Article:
During Holy Week no (farm) work was performed.  Every day during the week people would attend church.  On Maundy Thursday they baked bread and made tsourekia (Greek Easter sweet bread with one or more dyed hard-boiled eggs) and dyed their hard-boiled eggs.  At night they would attend church for the Gospel service (Dodeka Evanggelia).  They took 12 objects with them to church so they would be blessed for good luck throughout the year.  On Good Friday, they attended church and passed under the Epitaph, performed Holy Communion and then at 3 am consumed soup.  On Easter Saturday they sacrificed lambs, chickens and roosters and began preparing for Easter Sunday.  Parents also brought presents for the children. 

On Easter Sunday, people stayed up all night.  After 2 am, at the first sound of the roosters crowing, the church bell would be rung.  (In Anatolia, church bells were allowed to be rung after 1856, but only in villages where the majority of the people were christians (Fotiadis 2001).)  The christians in the village would go to church for the liturgy which commenced after 4 am.  Some people stayed until the end whilst others went home earlier.  In the morning, immediately after leaving the church service people would go home and set a table with food which they would consume until midday.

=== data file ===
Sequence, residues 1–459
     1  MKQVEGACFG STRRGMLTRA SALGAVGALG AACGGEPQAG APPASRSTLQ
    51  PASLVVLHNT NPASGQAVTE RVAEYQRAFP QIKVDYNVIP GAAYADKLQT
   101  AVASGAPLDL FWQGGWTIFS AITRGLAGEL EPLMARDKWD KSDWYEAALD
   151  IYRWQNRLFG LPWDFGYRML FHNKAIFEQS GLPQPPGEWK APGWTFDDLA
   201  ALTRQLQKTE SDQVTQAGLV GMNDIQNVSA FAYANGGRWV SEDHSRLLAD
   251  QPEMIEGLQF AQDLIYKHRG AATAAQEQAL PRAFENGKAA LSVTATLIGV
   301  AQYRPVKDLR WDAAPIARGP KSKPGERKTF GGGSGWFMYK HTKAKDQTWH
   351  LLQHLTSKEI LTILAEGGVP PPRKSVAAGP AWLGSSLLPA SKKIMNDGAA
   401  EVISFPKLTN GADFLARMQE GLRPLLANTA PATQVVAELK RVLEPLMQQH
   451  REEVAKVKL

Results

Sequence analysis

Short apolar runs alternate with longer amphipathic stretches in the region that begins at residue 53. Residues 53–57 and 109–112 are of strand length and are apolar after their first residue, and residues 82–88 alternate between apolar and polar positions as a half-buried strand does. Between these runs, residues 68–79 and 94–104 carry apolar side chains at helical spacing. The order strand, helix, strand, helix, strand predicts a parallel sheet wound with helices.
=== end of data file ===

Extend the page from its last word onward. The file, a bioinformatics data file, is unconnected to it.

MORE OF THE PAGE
Before midday, the Greek christians in the village left their houses to partake in ‘egg-tapping’ with their fellow villagers.  In groups of three or four, the older folk would visit each house in the village and accompanied by a kemenche would sing, dance, ‘egg-tap’ their painted eggs with others and offer the householder an alcoholic drink.  At midday, people would again attend church.  After the church service the village folk would gather in the village square or in front of the school yard where the tulum (a bagpipe with a double chanter and no drone pipe) would be played and people would dance all night to celebrate the end of fasting (Note 6).  The children would play games like rolling their red hard-boiled eggs down some sloping ground.  The child who owned the egg which did not crack would take the other eggs which had cracked.